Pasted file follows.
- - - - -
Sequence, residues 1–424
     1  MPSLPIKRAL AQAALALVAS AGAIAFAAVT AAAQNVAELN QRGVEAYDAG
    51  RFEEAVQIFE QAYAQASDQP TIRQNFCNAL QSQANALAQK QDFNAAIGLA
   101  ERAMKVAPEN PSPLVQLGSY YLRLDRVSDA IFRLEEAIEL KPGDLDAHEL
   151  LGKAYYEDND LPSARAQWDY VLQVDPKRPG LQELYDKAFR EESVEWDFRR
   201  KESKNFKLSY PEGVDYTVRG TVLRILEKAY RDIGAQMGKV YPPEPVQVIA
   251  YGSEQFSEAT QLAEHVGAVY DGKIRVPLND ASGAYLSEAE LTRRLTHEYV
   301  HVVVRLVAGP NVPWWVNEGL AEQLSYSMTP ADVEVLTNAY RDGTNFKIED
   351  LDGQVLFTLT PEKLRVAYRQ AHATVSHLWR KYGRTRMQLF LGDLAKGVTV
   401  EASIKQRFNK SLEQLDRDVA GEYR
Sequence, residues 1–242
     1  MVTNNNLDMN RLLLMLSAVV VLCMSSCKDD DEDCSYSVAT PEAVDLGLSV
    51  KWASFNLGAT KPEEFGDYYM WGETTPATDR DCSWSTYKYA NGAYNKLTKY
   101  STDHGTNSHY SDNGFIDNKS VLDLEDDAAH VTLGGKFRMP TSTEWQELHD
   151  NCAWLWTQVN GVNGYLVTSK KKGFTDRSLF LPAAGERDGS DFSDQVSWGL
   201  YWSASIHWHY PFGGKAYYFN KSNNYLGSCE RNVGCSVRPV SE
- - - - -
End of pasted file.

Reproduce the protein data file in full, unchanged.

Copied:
Sequence, residues 1–424
     1  MPSLPIKRAL AQAALALVAS AGAIAFAAVT AAAQNVAELN QRGVEAYDAG
    51  RFEEAVQIFE QAYAQASDQP TIRQNFCNAL QSQANALAQK QDFNAAIGLA
   101  ERAMKVAPEN PSPLVQLGSY YLRLDRVSDA IFRLEEAIEL KPGDLDAHEL
   151  LGKAYYEDND LPSARAQWDY VLQVDPKRPG LQELYDKAFR EESVEWDFRR
   201  KESKNFKLSY PEGVDYTVRG TVLRILEKAY RDIGAQMGKV YPPEPVQVIA
   251  YGSEQFSEAT QLAEHVGAVY DGKIRVPLND ASGAYLSEAE LTRRLTHEYV
   301  HVVVRLVAGP NVPWWVNEGL AEQLSYSMTP ADVEVLTNAY RDGTNFKIED
   351  LDGQVLFTLT PEKLRVAYRQ AHATVSHLWR KYGRTRMQLF LGDLAKGVTV
   401  EASIKQRFNK SLEQLDRDVA GEYR
Sequence, residues 1–242
     1  MVTNNNLDMN RLLLMLSAVV VLCMSSCKDD DEDCSYSVAT PEAVDLGLSV
    51  KWASFNLGAT KPEEFGDYYM WGETTPATDR DCSWSTYKYA NGAYNKLTKY
   101  STDHGTNSHY SDNGFIDNKS VLDLEDDAAH VTLGGKFRMP TSTEWQELHD
   151  NCAWLWTQVN GVNGYLVTSK KKGFTDRSLF LPAAGERDGS DFSDQVSWGL
   201  YWSASIHWHY PFGGKAYYFN KSNNYLGSCE RNVGCSVRPV SE